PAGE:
As the founder of Draken International, Isaacman managed to keep a $100-million stake in the business after he sold it to Blackstone (via Forbes). This gave Isaacman the opportunity to retain 10 planes, which included a MiG jet that he gunned around at supersonic speeds like a teenager given the keys to the family sports car — but on steroids. Along with former Thunderbirds pilot Sean Gustafson, Isaacman also established his own air-show squadron dubbed the "Black Diamond Jet Team." They even made appearances at major football games. It is thus no surprise that this carpe diem, T-personality billionaire would want to give himself new challenges and experiences by going to space. And since he was not in NASA, his best avenue was to go it on his own through SpaceX.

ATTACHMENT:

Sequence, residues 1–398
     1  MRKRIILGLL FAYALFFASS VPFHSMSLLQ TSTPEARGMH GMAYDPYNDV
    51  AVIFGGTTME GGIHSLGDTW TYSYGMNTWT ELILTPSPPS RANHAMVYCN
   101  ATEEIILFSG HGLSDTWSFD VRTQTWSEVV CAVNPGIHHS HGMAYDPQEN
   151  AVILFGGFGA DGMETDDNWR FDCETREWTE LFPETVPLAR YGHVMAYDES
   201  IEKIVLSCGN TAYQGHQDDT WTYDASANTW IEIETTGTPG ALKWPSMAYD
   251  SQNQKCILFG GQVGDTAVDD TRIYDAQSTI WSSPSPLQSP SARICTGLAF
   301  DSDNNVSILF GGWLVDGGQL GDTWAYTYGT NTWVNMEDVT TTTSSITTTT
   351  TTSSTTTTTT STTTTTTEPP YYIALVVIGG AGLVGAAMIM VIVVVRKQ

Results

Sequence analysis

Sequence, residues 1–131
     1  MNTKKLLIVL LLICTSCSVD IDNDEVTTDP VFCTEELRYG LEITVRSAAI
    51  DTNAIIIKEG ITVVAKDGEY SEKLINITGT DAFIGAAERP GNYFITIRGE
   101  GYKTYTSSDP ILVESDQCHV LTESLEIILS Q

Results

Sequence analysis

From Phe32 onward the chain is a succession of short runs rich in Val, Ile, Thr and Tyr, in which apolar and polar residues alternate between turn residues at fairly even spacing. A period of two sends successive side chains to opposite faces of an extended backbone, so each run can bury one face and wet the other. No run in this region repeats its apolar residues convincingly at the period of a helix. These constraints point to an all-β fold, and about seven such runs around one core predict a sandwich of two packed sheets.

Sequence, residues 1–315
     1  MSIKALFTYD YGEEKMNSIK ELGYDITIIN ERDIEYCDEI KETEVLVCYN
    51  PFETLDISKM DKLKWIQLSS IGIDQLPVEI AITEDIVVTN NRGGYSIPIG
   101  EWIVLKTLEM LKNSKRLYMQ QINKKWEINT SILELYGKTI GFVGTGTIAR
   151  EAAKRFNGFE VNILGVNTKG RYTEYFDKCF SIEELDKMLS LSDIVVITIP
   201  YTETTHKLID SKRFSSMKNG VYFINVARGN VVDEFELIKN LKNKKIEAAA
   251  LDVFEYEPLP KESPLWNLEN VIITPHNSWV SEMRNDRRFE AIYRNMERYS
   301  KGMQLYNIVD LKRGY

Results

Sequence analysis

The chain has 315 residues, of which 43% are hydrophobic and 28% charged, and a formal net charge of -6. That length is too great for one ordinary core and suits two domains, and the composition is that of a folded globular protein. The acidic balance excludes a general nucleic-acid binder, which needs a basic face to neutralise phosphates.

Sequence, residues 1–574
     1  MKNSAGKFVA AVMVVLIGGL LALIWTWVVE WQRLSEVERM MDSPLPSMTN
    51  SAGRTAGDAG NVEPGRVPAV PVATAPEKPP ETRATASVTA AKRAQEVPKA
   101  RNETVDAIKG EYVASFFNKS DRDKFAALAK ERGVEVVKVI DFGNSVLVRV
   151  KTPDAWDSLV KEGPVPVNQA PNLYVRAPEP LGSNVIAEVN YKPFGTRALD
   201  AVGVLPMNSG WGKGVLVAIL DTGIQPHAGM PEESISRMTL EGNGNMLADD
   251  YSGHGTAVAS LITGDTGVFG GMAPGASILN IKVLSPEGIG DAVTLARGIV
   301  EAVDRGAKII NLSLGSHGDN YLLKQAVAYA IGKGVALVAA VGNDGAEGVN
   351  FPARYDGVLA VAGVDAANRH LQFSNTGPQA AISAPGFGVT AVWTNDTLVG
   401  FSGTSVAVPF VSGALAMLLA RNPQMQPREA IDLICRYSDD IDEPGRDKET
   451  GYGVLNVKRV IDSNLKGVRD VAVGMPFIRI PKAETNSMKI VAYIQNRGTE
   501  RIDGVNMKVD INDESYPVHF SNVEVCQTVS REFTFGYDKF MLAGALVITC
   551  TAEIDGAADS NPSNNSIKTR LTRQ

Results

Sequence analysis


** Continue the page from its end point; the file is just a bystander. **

The mission was a fundraiser

While space tourism is clearly a billionaire's game for now, Inspiration4 was different since it was for charity, and St. Jude Children's Research Hospital became the primary beneficiary of the mission. According to St. Jude, the campaign raised over $243 million for the institution, which helped fund a new Inspiration4 Research Center that will help study how to fight children's cancer. The campaign was a major win for St. Jude since their original goal was $200 million (via CNBC). The big donors were Jared Isaacman and his wife Monica, who personally donated $125 million, and SpaceX founder Elon Musk, who chipped in $50 million. ABC News reported Isaacman as saying, "You're not fulfilling your purpose in life if you're not maximizing the various opportunities that come your way. But it would be selfish to do that if you were not also trying to make the world a better place."